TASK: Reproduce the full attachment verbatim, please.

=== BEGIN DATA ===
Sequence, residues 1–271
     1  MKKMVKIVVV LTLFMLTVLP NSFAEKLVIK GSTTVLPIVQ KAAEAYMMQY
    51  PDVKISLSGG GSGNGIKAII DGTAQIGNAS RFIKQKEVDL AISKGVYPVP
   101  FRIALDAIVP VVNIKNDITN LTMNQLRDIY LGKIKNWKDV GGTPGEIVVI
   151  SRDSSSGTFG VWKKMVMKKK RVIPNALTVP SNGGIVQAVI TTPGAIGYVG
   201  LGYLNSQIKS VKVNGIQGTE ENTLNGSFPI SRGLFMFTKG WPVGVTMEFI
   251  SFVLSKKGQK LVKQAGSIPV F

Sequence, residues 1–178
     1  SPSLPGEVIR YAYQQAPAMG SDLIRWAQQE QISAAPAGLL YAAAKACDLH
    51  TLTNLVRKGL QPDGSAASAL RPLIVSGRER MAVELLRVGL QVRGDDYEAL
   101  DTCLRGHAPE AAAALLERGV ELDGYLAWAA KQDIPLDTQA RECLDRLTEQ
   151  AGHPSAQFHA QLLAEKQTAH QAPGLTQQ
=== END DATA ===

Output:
Sequence, residues 1–271
     1  MKKMVKIVVV LTLFMLTVLP NSFAEKLVIK GSTTVLPIVQ KAAEAYMMQY
    51  PDVKISLSGG GSGNGIKAII DGTAQIGNAS RFIKQKEVDL AISKGVYPVP
   101  FRIALDAIVP VVNIKNDITN LTMNQLRDIY LGKIKNWKDV GGTPGEIVVI
   151  SRDSSSGTFG VWKKMVMKKK RVIPNALTVP SNGGIVQAVI TTPGAIGYVG
   201  LGYLNSQIKS VKVNGIQGTE ENTLNGSFPI SRGLFMFTKG WPVGVTMEFI
   251  SFVLSKKGQK LVKQAGSIPV F

Sequence, residues 1–178
     1  SPSLPGEVIR YAYQQAPAMG SDLIRWAQQE QISAAPAGLL YAAAKACDLH
    51  TLTNLVRKGL QPDGSAASAL RPLIVSGRER MAVELLRVGL QVRGDDYEAL
   101  DTCLRGHAPE AAAALLERGV ELDGYLAWAA KQDIPLDTQA RECLDRLTEQ
   151  AGHPSAQFHA QLLAEKQTAH QAPGLTQQ